Does Religion Require God?

            May 2013    
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Is Finding Religion Necessarily Finding God?

By Larry Fine

I want to relate to you something very interesting that I heard. It was at an event where the speaker was a very distinguished scholar, rabbi and a really great speaker. He told us a highly charged and interesting story and then asked an even more poignant question. Let us see what you think.


The story, he said, was true and we had no reason to doubt this. He told us that in his yeshiva, came a boy from a wealthy Russian Jewish background who at an early age decided to look around the world to see what life style gives the most benefits and enjoyment. He had no religious training from his home and felt that he would try out the many modes of life that are available around the globe. He decided that he would chose one based on his actually living such a way and adapt such a life style to be his own. He traveled to many places and lived many different life styles before coming to the conclusion that the ultra Orthodox life style was the best.

He reasoned that in such a life style gives the most personal pleasure, comfort and security. It does not involve a need for much money since everyone lives within a small frugal budget. It is family centered and (generally) the children love and respect their parents. The husband and wife are faithful and the divorce rate is relatively low compared to other life styles and although divorce is an option most are happy with their chosen spouses. There is much community support for the individual, both financial in personal contacts. Friendship, integrity and trust are important facets in the community.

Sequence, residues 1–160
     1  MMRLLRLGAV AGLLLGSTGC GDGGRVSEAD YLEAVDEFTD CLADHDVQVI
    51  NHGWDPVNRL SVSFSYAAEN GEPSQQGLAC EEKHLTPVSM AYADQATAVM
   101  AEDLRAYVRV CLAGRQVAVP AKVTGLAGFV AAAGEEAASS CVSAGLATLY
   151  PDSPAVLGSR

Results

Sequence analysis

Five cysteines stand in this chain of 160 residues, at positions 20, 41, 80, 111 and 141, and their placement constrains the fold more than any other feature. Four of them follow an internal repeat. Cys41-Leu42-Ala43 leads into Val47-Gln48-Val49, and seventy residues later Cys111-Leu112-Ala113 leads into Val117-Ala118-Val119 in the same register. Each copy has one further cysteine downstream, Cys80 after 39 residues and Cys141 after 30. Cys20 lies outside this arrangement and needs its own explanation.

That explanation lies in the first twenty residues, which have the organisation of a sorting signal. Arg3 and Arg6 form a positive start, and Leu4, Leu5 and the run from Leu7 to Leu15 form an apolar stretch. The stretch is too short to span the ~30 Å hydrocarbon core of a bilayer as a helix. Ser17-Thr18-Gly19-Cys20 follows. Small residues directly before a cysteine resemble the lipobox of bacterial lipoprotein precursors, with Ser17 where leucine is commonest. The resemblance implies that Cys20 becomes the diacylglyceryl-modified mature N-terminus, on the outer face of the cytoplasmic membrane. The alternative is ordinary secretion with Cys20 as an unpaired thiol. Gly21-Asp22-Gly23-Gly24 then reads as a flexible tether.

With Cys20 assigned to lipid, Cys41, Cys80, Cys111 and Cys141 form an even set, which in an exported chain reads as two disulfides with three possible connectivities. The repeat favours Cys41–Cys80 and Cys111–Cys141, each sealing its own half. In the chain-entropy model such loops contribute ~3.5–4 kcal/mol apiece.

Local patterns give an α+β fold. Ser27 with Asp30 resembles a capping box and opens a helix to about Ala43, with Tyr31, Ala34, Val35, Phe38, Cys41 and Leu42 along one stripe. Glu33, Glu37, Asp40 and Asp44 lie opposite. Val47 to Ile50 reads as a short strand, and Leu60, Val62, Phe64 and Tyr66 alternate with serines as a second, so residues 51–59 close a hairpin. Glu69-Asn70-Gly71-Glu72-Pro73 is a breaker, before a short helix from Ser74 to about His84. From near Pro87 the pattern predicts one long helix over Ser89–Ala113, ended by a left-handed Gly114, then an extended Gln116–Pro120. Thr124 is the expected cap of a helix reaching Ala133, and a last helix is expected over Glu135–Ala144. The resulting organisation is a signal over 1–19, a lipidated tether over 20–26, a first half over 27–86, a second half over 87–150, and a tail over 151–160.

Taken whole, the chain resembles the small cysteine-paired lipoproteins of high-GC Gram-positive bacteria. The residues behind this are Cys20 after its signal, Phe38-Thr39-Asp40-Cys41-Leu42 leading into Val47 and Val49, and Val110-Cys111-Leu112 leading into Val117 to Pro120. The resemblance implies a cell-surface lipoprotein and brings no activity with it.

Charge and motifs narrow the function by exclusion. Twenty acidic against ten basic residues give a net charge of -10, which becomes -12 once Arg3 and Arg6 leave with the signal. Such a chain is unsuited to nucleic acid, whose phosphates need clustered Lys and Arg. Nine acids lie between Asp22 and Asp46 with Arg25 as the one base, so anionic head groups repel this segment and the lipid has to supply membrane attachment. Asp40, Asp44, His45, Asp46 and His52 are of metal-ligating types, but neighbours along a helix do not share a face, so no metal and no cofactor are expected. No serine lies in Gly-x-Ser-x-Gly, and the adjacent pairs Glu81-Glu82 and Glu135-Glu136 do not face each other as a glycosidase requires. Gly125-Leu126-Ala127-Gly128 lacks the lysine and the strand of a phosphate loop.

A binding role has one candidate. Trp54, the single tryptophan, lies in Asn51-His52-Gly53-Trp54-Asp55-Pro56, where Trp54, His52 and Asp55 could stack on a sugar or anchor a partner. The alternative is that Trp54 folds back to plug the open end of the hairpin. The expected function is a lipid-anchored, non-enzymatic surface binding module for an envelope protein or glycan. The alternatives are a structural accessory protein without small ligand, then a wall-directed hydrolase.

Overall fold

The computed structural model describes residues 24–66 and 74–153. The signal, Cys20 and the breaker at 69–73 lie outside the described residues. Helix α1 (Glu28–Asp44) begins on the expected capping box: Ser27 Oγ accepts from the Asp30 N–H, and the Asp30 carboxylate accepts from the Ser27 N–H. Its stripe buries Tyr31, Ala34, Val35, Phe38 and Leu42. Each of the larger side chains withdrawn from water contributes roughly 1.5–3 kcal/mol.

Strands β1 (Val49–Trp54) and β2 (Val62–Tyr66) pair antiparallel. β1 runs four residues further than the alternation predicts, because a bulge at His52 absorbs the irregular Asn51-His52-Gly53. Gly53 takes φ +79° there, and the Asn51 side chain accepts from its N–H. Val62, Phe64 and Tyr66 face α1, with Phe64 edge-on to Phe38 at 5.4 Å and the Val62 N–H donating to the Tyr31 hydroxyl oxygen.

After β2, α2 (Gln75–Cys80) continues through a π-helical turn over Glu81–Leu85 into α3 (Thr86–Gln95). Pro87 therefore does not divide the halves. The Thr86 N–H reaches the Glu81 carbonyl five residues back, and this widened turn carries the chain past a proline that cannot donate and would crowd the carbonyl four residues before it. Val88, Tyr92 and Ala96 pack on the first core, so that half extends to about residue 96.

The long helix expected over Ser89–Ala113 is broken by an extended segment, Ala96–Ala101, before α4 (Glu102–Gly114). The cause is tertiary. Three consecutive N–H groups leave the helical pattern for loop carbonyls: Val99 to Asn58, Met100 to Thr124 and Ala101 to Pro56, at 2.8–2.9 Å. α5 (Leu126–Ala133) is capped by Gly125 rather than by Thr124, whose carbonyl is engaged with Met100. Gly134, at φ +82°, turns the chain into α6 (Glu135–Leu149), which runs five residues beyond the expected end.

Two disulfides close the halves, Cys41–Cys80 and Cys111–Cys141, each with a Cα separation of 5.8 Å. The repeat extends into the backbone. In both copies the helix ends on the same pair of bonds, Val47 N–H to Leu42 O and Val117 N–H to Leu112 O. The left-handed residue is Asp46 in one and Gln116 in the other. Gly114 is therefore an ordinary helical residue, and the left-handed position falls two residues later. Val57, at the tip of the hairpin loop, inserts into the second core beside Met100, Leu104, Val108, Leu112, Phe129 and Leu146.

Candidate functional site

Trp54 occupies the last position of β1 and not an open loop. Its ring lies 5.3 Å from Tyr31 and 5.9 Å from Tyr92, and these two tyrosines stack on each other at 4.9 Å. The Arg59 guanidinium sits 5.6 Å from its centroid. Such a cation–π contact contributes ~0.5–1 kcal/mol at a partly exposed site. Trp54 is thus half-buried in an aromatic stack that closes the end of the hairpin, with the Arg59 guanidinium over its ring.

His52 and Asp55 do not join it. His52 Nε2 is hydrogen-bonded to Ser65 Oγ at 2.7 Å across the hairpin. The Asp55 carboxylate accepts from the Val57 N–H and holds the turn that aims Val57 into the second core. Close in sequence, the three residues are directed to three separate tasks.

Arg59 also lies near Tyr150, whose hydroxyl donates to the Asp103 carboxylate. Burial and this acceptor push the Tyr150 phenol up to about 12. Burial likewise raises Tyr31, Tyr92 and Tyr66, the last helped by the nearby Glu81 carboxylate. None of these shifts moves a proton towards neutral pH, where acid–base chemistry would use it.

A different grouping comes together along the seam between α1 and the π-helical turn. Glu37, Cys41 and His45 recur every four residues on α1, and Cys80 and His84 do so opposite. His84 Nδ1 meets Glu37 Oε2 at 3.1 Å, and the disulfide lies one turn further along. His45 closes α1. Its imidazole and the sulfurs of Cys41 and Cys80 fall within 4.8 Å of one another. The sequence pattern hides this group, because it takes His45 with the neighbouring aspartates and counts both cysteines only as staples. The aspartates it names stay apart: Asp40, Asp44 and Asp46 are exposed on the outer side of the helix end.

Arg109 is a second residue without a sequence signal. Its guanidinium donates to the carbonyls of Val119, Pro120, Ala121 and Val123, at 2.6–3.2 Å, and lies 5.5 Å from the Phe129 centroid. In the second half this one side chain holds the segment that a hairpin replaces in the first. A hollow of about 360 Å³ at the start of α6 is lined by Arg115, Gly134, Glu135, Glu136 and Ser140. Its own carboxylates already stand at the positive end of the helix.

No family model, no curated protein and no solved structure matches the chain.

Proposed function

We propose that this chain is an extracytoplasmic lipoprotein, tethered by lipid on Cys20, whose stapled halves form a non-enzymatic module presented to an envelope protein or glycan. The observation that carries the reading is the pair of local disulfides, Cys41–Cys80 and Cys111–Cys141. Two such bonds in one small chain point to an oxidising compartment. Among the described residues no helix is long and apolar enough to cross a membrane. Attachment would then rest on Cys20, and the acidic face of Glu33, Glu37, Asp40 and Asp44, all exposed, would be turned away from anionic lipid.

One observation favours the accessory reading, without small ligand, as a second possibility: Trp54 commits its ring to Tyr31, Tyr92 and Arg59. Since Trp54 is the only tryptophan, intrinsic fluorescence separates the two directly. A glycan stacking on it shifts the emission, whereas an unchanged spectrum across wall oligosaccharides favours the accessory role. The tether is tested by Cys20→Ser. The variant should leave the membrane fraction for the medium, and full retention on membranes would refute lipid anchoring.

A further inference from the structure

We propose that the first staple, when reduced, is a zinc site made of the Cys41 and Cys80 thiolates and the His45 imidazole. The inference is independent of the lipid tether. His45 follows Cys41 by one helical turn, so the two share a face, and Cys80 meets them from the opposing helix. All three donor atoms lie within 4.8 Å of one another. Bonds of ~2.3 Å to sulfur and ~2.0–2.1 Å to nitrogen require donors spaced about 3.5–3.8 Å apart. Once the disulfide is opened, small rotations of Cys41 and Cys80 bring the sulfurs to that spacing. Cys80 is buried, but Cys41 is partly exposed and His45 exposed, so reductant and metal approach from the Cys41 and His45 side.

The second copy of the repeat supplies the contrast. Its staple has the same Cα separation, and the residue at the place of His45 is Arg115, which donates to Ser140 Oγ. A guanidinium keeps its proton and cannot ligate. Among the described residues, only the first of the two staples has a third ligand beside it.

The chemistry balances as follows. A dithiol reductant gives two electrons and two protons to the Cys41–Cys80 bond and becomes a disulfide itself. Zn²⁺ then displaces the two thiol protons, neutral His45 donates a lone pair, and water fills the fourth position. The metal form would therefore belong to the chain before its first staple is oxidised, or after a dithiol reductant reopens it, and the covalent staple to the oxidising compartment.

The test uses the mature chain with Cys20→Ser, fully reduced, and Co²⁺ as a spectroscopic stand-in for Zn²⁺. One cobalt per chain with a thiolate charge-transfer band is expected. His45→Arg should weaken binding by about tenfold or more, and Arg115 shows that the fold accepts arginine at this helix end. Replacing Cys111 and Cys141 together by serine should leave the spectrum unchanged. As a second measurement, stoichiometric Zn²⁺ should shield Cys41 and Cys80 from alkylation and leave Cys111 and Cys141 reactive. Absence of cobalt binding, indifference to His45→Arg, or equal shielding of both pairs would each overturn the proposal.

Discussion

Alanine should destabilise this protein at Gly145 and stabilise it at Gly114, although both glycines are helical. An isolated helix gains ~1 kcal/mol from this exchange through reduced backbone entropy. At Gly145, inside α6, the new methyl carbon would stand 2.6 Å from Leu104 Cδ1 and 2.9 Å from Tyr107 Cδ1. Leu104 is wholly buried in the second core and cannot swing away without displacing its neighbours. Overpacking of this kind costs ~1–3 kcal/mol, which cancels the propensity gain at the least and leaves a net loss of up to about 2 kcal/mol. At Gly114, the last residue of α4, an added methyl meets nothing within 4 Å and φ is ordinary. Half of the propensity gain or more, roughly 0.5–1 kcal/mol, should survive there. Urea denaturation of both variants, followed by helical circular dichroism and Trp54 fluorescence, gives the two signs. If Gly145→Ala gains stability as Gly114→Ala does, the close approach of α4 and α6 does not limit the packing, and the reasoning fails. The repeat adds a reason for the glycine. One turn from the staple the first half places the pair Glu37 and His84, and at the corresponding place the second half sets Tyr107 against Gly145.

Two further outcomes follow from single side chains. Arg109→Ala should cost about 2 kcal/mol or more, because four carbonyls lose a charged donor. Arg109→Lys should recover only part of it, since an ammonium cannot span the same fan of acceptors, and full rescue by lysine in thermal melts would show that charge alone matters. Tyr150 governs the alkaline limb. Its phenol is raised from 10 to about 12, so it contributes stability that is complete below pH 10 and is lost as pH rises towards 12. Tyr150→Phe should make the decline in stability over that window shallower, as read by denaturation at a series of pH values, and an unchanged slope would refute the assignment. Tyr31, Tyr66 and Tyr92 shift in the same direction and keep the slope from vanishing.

This man, the rabbi said, is married and sends his children to the local Orthodox 'cheder' (religious school for boys) and he himself spends his time in a yeshiva for married men learning the Talmud. He is very satisfied with this intellectual aspect of life and puts his whole heart into the learning.


After we, the audience, took in the story of this man's embrace of the ultra religious mode of life, the rabbi asked us a question: "Do you think that this man qualifies to be called a 'ba'al t'shuvah' (a repentant, one who returns to G-d)?

The audience was puzzled. What kind of question was this? The man's intent was obvious; he was living the religious lifestyle. What could be lacking?

So the rabbi continued, what was lacking was simple. There was no mention or concept of G-d! This man decided that living in the religious environment was the best thing for him and his family. His purpose was to enjoy life to the fullest. But G-d is totally absent from this man's decision to life such a life. Can a person be considered a 'ba'al t'shuva' if G-d is not part of his life?

The audience and I pondered this point carefully for a few moments before some people began to give their opinions.

Some began to reject him from being a ba'al t'shuva' since there was no place in his life for G-d. Others disagreed, that yes he was living the religious lifestyle, it was impossible to be totally ignorant of G-d; he performed his mitzvoth and did his daily prayers.


After hearing our various pros and cons, the rabbi began again to speak. He described the man as someone who built a beautiful and tall building with out having put in a foundation. True, he was missing the most important point of Judaism: G-d, and with out this nothing can exist. Yet he felt that the man needed some extra coaching (which he told us he did provide) to bring the man up to date.

The Rambam tells us that a parent should encourage their children to learn by giving them candies when they are young. As they grow older the parents should give more substantial presents to the child. Even as the child matures into young adulthood he should be encouraged to continue to study by emphasizing that if he becomes a rabbi he will get much honor. Only later when a person is much matured can he begin to serve G-d with the love and fear upon which true service is based.

Are we much different from this man, the rabbi asked? Who amongst us has reached the pinnacle of service to G-d? Who can say that his service to G-d can not be improved upon?


from the May 2013 Edition of the Jewish Magazine

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